Third, remember that excos are not representative but decision-making teams. Instead of including all heads of business units or functions, it should only comprise those with a generalist purview and organisational integration capabilities. Others may be invited to sit in at meetings for specific issues.
Fourth, the top team should adopt different decision-making methodologies depending on the issue at hand: consensus for non-critical topics, dialectic for strategic debates and so on.
Fifth, executives should be evaluated and adequately compensated for their exco contributions. Having “skin in the game” would induce them to take the organisation’s perspective rather than pursuing parochial interests.
Sixth, CEOs could use the executive committee to identify and groom potential successors or to fast-track the careers of the most promising members. For instance, members could take turns to chair meetings for non-critical issues.
Finally, and by no means the least important recommendation, increase diversity at the top. Fully a quarter of Stoxx Europe 600 leading companies do not have any woman in their executive board or committee. This will soon change, at least in Germany, which is introducing a mandatory quota for female representation in listed firms’ senior management. Legal and ethical considerations aside, diversity in top management has also been shown to be good for innovation and the bottomline.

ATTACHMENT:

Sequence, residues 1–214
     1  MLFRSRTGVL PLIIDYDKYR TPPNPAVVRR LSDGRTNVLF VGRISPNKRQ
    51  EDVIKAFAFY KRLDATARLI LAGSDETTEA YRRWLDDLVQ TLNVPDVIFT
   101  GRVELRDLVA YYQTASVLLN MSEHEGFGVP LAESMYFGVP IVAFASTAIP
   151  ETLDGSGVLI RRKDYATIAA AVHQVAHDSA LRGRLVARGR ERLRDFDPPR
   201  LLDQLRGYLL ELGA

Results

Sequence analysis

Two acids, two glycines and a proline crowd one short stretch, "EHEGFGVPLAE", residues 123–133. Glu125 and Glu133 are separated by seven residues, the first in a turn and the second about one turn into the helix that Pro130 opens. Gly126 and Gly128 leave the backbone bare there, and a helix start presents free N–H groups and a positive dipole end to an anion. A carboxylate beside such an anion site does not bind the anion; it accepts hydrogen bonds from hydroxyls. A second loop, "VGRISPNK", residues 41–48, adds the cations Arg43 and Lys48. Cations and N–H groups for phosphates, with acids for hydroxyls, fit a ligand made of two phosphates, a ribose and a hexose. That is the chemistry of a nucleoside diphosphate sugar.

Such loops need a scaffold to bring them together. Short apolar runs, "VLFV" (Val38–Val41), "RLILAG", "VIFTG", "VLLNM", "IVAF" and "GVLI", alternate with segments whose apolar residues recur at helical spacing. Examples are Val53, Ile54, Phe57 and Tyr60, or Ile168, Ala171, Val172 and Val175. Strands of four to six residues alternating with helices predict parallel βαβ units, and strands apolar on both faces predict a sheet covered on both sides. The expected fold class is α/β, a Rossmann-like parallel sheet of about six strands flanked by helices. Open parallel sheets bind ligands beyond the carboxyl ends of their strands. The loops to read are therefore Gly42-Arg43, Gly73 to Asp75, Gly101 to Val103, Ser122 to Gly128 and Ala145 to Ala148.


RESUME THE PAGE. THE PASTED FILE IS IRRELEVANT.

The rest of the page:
To lead with energy, CEOs cannot bank on their sheer force of personality and talent alone. Well-constituted executive committees attuned to CEOs and the needs of the organisation can prevent the executive from ever turning feeble.
José Luis Álvarez is the Mubadala Chair in Corporate Governance and Strategy as well as the Academic Director of the Corporate Governance Centre at INSEAD. His latest book, The Changing C-Suite: Executive Power in Transformation, co-authored with Silviya Svejenova from the Copenhagen Business School, will be published by Oxford University Press in 2021.